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Summer Solstice 2022

Summer Solstice 2022

Summer starts right now (09:14 UTC June 21 2022) in the northern hemisphere, winter for those with latitude signum differences. Rendered in Catfood Earth.

(Related: Summer Solstice 2021; Summer Solstice 2017; Winter Solstice 2020)

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Stamp out B2B spam with an evil calendar

Calend.fu

I could build this in about the same amount of time it's going to take to describe it (love you Google Apps Script) but I'm not quite evil enough.

A good chunk of my work day is deleting endless B2B spam from aggressive salespeople who are certain that I should check out their SAAS whatever and pay $25/user/month for something I could do with a wiki page. Outlook for some reason doesn't recognize this stuff as spam even if you block it. LinkedIn is built to distribute this. It would be great to make it more expensive, painful and humiliating for these people to spray and pray.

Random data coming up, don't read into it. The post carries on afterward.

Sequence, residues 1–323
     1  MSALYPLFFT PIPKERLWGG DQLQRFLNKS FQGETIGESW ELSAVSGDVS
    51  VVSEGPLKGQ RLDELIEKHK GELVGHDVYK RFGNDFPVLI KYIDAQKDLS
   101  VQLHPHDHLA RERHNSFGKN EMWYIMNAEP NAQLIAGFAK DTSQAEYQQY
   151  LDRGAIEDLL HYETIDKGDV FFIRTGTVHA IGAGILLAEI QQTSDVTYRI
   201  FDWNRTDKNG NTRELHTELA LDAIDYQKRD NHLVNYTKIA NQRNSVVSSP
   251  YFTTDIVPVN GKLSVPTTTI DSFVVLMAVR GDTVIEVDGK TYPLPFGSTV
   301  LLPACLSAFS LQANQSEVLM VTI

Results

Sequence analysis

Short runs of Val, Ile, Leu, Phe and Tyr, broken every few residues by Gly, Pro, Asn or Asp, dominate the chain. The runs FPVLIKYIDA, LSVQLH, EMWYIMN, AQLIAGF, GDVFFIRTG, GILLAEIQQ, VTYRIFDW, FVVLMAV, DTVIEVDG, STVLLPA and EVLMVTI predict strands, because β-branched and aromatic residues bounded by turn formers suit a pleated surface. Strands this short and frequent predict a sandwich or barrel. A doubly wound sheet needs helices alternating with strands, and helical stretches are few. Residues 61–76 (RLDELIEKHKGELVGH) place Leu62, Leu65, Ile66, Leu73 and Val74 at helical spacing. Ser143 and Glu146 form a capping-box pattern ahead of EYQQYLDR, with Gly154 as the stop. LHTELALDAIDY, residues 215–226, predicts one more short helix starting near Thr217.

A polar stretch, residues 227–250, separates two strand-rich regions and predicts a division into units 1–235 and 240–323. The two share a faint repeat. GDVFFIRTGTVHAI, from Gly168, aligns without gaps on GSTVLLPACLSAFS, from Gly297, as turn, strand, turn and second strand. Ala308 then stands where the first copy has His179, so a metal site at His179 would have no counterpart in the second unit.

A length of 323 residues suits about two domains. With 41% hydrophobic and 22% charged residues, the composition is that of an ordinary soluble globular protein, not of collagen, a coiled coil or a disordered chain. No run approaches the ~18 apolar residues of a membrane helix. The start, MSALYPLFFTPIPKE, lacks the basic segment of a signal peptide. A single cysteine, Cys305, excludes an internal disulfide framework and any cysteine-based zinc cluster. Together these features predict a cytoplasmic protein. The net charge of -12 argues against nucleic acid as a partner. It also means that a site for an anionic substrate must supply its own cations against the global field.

My idea: it's Calendly only evil.

You reply saying how excited you are and provide a link to schedule an appointment. This allows them to book a slot and sends them a meeting request and a Zoom link. When they join they're just connected to some number of other salespeople who booked that slot.

Extra credit: record the meetings and auto-post to YouTube and use the ad revenue to pay for hosting costs.

As usual any of my billionaire readers who want to back this should get in touch.

(Related: Doing news right with Feedly and Google News; Get ITHCWY By Email; Is it safe to open securedoc.html (Cisco Registered Envelope)?)

(You might also like: Cause and Effect, or Strange Skies over San Francisco; Summer Solstice 2019; Sealions)

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Links for June 2022

Updated on Thursday, June 23, 2022
A Boy And His Atom is the world's smallest movie

Testing Twitter API integration, but also this is pretty cool.

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A Death Row Inmate Asked SCOTUS If He Can Die by Firing Squad, and It Said Yes

Also for those not on death row, we can all die by firing squad now too. Thanks SCOTUS.

(Related: Game of Death; I didn't think I'd ever fall for fake news on Facebook; Where did that app icon go, Android?)

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Outlook/Office iCal feed 400 bad request error with C# WebClient

Updated on Tuesday, June 21, 2022

400